24-hour race included in proposed 2012 FIA World Endurance Championship programme


  • Toyota to compete in the 2012 Le Mans 24 Hours with a new race car powered by a petrol hybrid powertrain
  • Chassis to be built to LMP1 specifications by Toyota Motorsport in Germany, engine produced by Toyota Motor Corporation in Japan
  • Toyota also plans to enter other races in the 2012 FIA World Endurance Championship
  • Race car will be rolled out early in 2012 for extensive pre-season testing

Toyota Le Mans

Toyota will compete in the Le Mans 24 Hours in 2012 with a new hybrid power sports car. Its return to the world’s most famous endurance race will be with a new LMP1 chassis designed, developed and produced by Toyota Motorsport in Germany, equipped with a hybrid petrol powertrain engineered by Toyota in Japan.

Participation at Le Mans will be one of a number of races Toyota proposes to enter in the 2012 FIA World Endurance Championship, a competition that will enable it to further explore the potential of its world-leading hybrid technology.

The new team will be based at Toyota Motorsport’s Cologne headquarters and it is expected that the new car will be rolled out early in 2012 for an extensive pre-season testing programme. Further details about the team will be announced later.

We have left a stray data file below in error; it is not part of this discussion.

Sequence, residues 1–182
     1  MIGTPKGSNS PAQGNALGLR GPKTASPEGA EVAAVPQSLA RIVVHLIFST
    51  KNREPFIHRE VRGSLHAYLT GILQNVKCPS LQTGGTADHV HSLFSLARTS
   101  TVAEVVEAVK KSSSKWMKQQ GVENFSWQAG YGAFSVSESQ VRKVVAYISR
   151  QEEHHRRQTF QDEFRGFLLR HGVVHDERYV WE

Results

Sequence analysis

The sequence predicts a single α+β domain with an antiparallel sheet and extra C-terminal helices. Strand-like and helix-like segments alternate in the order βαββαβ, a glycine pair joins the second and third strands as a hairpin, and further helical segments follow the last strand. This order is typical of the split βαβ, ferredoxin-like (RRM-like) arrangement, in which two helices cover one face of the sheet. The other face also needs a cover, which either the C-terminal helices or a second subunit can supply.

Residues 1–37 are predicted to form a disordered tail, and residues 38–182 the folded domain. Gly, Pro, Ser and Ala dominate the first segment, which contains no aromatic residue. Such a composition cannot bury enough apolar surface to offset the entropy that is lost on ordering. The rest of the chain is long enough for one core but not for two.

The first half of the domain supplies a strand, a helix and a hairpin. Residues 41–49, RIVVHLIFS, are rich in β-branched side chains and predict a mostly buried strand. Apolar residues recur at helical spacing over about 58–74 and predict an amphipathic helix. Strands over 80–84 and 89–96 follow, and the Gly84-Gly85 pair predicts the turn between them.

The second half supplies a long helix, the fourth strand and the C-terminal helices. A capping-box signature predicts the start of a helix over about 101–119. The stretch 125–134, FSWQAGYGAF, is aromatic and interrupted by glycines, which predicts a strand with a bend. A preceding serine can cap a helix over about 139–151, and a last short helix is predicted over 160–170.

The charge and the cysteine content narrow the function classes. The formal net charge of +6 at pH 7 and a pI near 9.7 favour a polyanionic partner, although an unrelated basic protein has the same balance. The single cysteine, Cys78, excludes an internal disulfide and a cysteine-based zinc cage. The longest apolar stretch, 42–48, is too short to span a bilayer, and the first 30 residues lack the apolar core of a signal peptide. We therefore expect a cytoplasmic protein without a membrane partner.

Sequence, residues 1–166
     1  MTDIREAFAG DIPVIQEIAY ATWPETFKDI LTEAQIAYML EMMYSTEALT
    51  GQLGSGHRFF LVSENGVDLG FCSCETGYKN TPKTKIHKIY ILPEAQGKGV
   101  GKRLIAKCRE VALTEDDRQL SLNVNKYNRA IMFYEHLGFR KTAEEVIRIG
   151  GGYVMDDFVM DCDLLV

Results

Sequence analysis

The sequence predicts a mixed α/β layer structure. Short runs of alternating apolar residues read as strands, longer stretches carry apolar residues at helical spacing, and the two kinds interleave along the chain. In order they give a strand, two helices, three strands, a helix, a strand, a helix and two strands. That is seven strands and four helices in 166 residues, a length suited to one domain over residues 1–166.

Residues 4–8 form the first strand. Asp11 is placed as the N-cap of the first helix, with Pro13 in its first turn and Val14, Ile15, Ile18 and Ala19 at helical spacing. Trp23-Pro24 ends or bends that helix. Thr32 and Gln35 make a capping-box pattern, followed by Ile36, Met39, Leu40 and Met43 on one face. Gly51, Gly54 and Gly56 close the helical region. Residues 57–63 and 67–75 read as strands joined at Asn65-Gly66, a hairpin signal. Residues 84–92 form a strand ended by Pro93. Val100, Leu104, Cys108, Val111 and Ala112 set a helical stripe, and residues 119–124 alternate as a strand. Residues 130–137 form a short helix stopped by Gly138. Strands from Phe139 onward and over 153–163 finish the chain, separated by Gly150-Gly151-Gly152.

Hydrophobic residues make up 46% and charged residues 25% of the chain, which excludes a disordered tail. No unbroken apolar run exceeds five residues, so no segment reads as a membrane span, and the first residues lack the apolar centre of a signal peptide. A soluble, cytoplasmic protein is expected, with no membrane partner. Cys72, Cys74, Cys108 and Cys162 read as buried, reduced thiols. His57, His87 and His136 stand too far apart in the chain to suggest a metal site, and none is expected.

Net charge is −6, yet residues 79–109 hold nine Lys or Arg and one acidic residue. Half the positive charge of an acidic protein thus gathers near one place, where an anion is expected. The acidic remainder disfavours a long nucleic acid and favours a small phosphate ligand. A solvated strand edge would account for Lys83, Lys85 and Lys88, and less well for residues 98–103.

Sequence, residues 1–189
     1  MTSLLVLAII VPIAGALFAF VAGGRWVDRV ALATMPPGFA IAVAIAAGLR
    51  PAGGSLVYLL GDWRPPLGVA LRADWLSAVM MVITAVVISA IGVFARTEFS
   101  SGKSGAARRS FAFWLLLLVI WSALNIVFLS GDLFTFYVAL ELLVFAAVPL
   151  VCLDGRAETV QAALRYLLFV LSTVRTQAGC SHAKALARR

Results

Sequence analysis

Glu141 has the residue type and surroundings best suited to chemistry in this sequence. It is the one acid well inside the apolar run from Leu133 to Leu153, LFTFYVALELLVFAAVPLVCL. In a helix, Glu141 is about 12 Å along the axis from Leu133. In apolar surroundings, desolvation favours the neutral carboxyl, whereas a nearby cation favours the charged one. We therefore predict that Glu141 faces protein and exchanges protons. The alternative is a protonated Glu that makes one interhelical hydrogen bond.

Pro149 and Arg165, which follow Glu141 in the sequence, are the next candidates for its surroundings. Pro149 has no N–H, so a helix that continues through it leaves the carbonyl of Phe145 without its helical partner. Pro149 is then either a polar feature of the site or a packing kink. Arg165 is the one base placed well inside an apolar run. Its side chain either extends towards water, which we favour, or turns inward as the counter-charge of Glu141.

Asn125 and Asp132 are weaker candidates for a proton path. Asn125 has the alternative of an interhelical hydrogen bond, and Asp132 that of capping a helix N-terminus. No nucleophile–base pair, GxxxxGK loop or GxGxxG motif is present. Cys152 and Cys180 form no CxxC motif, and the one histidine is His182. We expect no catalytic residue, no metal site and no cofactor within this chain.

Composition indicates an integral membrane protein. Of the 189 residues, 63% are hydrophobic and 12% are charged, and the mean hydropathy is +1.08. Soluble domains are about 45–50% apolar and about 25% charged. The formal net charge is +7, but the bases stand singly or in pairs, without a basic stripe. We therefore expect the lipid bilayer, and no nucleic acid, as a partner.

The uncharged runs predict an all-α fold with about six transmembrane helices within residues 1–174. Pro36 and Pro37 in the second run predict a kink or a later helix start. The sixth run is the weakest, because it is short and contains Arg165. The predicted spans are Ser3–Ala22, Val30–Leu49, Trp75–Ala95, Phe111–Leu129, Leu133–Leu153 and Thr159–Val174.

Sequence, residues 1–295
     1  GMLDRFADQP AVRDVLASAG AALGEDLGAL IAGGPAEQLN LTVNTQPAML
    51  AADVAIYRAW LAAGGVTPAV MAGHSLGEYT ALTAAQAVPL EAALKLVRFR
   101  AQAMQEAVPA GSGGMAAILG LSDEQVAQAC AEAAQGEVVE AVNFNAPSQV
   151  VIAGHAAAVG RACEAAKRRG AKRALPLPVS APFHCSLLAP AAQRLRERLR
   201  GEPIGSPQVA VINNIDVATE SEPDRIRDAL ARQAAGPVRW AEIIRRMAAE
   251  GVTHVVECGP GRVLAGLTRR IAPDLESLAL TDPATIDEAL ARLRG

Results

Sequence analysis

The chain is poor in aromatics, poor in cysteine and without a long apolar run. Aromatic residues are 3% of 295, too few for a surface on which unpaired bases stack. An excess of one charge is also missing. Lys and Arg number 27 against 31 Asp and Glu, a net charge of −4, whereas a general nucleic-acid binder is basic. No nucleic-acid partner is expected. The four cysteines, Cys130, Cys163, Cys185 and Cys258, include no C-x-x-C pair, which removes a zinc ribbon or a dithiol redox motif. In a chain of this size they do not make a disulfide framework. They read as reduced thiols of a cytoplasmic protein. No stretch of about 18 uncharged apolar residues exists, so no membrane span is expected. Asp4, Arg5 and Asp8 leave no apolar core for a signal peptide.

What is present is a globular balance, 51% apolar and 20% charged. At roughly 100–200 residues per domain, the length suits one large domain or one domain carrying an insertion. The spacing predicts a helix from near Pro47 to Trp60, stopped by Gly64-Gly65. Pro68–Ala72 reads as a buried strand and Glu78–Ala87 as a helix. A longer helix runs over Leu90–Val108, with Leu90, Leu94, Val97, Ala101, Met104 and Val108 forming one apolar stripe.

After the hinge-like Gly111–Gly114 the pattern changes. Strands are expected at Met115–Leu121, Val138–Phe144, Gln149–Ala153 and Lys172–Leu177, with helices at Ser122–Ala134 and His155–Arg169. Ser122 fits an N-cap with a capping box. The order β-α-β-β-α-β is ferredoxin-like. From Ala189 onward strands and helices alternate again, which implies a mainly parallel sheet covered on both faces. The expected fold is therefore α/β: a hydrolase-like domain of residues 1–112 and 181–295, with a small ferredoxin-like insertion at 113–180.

Tadashi Yamashina, Toyota Motor Corporation Senior Managing Officer and Toyota Motorsport Chairman, said: “Toyota has entered Le Mans before, but by using our hybrid technology this time will be a completely new challenge. We want to write a new chapter in the history of the Le Mans 24 Hours, as in the FIA World Endurance Championship, through our use of hybrid technology.

“In addition, we aim to learn from the experience of competing in such a challenging motorsport environment to enhance our production car technology. Le Mans is a legendary race and I would like to thank the ACO and the FIA for their constructive and positive co-operation over the last few months,” says Yamashina.

Toyota Motosport’s award-winning engineering services and all its current motorsport projects are unaffected by the announcement of the new racing programme and will continue as before. Toyota hopes the new enterprise will provide further impetus to Toyota Motorsport’s successful business development.

Toyota last competed in the Le Mans 24 Hours as a manufacturer in the late 1990s racing the GT-One, a car which famously established a new race lap record in 1999.